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Using Prior Knowledge  
Elephant 1 Elephant 2
(click on either drawing for an enlarged image)

The activation of students' prior knowledge is perhaps the single most powerful tool a teacher has. By using short descriptive writing, simple verbal explanations, or with creative images as seen above, students can pull from a vast experiential and knowledge base. It is on this prior knowledge that the teacher can begin scaffolding further comprehension of a concept. Here, I gave the students a problem of trying to move an elephant into a fenced zoo enclosure that had no roof or gates. As a group they came up with many ideas, from helicopters and cranes, to ramps and even dynamite. It was with these depictions and explanations that I "assessed" their present understanding of simple machines before embarking on a simple machine unit of study.

Making Learning Engaging  

For almost any individual learning can be made more engaging by focusing on a particular interest of the individual. Incorporating a concept into an already familiar example or reference point will further ensure that the learner is engaged and taking an active part in his or her learning. After an exhausting study of Newton's Laws of Motion and other forces that affect motion I gave the students an opportunity to incorporate their new knowledge of motion into a project that would serve as both an assessment and a review for the coming test. After eliciting responses as to what would make a successful board game (i.e. - dice, spinner, pieces to move, colorful game board, well thought out questions, clear start and finish) I had the students create their own lists as to what would make a decent board game. After more discussion I gave them the task of creating "Fun in Motion" board games which used every term and definition from the chapter we had just studied in Science. The students were not only excited to be creating their own games, but also relished the prospect of creating questions and cards based on the definitions that were difficult enough to stump one another. They reviewed the material for the test and had the opportunity to gain experience working as a group.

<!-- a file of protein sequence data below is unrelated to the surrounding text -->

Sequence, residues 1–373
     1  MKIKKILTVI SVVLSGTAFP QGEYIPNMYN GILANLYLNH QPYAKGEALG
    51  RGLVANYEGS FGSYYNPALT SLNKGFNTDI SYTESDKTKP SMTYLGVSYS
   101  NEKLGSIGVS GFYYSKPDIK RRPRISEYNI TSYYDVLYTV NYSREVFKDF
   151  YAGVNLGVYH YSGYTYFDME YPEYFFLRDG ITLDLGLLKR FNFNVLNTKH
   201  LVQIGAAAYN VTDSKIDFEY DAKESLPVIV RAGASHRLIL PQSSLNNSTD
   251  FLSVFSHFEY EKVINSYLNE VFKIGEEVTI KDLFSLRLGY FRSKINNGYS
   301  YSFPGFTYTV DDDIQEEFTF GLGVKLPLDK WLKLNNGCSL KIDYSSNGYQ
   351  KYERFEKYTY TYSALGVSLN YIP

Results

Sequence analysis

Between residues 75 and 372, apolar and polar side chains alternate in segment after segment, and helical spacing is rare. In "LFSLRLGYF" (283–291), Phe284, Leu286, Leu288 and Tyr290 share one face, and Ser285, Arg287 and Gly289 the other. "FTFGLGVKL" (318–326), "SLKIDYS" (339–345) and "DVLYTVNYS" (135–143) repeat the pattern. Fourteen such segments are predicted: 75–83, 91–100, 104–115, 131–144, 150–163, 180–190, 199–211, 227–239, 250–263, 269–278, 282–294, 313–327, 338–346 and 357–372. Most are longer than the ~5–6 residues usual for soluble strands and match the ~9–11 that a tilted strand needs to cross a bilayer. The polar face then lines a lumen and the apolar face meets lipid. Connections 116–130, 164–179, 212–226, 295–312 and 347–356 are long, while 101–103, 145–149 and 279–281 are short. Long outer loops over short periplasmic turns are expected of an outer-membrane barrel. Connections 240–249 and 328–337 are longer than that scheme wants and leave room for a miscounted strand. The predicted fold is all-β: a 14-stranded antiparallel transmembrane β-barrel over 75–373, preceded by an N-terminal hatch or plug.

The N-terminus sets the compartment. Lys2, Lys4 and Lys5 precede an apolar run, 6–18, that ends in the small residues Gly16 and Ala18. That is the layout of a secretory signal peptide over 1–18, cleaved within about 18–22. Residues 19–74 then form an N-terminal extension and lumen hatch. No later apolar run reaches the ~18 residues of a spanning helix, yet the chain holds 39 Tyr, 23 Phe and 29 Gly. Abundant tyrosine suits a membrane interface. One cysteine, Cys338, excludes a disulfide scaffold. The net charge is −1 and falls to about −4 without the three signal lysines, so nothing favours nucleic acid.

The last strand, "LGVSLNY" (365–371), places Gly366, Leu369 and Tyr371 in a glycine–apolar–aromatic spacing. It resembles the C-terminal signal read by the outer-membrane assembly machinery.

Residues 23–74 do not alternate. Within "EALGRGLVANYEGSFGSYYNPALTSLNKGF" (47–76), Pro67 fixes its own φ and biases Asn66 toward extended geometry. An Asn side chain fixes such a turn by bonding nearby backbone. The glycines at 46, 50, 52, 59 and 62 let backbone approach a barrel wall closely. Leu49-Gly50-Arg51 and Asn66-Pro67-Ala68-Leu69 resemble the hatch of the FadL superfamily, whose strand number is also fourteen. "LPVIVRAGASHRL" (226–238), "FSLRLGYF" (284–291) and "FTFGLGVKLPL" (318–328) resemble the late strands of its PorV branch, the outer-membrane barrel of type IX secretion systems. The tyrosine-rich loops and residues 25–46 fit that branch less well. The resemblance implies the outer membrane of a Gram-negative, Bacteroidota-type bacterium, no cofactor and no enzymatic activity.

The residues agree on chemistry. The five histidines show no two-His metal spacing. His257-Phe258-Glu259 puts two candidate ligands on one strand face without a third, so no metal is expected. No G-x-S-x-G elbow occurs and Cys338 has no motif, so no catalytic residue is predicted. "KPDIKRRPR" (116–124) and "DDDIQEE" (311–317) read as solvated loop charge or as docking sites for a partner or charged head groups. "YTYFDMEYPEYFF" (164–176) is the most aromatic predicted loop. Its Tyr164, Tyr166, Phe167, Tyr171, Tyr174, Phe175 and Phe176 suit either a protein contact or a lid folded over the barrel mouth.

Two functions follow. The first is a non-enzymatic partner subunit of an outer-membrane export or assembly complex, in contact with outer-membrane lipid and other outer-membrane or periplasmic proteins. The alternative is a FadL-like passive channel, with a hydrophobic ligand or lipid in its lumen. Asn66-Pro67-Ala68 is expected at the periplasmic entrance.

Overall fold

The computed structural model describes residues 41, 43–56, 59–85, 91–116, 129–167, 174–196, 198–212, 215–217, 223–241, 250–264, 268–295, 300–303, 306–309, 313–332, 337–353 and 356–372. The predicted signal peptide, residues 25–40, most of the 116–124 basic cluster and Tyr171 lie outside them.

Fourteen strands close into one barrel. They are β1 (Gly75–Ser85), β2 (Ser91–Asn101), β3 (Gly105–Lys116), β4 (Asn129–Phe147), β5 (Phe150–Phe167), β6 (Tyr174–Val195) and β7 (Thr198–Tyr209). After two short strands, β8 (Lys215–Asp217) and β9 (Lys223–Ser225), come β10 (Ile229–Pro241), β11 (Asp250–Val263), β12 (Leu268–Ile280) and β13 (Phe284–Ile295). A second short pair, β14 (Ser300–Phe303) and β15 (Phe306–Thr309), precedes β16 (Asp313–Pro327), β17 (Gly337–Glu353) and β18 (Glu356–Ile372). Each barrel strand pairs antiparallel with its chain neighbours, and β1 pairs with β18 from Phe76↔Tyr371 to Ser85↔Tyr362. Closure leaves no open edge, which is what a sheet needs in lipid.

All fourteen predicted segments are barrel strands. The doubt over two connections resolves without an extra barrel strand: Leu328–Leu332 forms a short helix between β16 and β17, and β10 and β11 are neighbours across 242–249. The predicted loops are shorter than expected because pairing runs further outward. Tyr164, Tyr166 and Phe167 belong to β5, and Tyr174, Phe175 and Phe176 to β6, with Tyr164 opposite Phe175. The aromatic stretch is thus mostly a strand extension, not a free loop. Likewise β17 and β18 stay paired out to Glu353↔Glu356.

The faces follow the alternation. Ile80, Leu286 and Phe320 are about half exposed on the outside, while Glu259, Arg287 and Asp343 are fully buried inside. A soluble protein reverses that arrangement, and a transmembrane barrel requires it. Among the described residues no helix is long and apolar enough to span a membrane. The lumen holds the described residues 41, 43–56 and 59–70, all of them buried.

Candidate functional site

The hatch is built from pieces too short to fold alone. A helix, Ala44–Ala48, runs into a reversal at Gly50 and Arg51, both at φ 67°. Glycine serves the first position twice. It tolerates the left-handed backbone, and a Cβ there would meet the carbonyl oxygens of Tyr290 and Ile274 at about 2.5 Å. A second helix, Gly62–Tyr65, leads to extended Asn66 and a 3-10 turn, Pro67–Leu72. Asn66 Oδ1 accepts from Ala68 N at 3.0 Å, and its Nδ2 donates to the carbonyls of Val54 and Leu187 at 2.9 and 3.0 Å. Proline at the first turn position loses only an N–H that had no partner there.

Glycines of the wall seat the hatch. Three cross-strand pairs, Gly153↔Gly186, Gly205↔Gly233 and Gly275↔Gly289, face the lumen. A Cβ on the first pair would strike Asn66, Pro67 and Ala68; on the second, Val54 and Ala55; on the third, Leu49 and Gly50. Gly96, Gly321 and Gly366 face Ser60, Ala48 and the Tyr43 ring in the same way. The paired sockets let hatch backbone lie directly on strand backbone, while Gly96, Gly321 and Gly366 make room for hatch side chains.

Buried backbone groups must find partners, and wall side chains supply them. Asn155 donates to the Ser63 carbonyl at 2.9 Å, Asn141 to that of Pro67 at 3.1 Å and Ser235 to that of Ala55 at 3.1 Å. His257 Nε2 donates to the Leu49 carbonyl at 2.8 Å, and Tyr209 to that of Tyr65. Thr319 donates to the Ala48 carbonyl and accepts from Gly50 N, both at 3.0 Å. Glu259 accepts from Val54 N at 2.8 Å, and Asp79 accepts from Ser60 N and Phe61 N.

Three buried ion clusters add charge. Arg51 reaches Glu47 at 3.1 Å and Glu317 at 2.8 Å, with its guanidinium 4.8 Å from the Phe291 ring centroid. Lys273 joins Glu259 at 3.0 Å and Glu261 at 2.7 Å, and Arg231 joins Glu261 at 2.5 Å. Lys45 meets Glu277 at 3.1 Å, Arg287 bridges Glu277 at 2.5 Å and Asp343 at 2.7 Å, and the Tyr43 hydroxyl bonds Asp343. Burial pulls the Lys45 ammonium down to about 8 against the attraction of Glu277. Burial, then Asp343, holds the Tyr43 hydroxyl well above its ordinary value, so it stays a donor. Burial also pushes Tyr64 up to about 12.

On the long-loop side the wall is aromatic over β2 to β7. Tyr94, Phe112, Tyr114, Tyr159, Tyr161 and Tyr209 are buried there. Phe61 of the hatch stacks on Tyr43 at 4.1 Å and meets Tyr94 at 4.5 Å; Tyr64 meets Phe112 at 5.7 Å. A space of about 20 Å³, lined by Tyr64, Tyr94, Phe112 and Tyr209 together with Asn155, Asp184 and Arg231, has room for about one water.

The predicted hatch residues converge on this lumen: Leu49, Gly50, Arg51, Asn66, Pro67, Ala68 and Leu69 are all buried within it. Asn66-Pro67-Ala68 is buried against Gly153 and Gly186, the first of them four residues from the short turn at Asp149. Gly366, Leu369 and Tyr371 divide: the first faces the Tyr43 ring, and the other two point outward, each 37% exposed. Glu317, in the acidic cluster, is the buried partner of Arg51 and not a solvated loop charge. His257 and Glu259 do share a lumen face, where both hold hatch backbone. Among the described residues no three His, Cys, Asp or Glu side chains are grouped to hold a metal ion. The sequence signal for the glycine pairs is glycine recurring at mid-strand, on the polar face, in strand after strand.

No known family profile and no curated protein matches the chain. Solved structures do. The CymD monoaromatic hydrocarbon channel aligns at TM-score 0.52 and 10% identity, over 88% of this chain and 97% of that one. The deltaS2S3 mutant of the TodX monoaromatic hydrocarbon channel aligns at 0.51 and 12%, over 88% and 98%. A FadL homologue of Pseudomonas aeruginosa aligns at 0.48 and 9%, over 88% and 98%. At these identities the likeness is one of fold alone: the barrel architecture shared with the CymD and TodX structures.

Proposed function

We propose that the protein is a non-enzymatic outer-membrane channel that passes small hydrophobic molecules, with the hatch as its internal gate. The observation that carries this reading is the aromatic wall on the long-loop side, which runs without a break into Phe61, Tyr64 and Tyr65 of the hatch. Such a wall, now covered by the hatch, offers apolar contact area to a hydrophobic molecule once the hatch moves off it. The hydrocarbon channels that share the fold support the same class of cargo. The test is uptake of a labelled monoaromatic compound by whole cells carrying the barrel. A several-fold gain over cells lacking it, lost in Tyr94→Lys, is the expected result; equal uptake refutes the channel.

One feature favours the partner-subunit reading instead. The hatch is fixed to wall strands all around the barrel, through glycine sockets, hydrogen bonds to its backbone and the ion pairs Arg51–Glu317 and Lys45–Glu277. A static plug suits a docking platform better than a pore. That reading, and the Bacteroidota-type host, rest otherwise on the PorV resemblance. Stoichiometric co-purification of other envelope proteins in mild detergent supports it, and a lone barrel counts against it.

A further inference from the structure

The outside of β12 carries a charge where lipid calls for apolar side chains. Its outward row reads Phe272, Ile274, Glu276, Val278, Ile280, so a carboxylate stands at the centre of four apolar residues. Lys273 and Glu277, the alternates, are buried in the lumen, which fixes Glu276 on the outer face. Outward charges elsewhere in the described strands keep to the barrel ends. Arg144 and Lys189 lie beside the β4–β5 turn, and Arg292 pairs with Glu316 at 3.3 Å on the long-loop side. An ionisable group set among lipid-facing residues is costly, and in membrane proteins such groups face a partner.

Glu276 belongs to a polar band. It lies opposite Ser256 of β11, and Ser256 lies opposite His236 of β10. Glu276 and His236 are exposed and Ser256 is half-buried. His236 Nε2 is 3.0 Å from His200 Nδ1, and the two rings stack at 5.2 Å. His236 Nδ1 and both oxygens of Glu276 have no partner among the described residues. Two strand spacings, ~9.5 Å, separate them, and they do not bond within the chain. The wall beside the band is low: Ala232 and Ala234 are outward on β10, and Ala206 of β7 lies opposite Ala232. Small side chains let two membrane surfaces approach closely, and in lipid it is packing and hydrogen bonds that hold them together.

Board Game 1

Board Game 2

Board Game 3

Board Game 4

(click on any of the board game to see an enlarged image)


Through increased integration of technology, students are able to take the concept of real world projects like board games, and create even more immersive and engaging learning tools. Creating databases, using spreadsheets, and producing presentations which challenge their notion of what Office Software can do, learners are given new perspectives on class materials and how production software can be utilized beyond more basic uses. Below are examples of a few projects which my students have created using PowerPoint. The presentation on Mummification is not a typical slideshow, in that the user is encouraged to interact with the presentation, clicking on links, and directing their own experience with the presentation. We designed this project with a children's museum in mind and newer electronic and digital displays you might find at a museum. The student created a self-guided museum exhibit designed to enhance a larger exhibit on Ancient Egypt, and succeeded quite well. The other two presentations were based on earlier projects that I had previously done on paper with my students. One uses PowerPoint's ability to have objects move in order to illustrate Sir Isaac Newton's laws of motion, while the presentation is another example of an interactive Ancient Egypt exhibit.

Click the image above to view a web-friendly version of Mummification

Click the image above to download the actual Newton's Illustrated Laws of Motion

Click the image above to view a web-friendly version of Egyptian Writing


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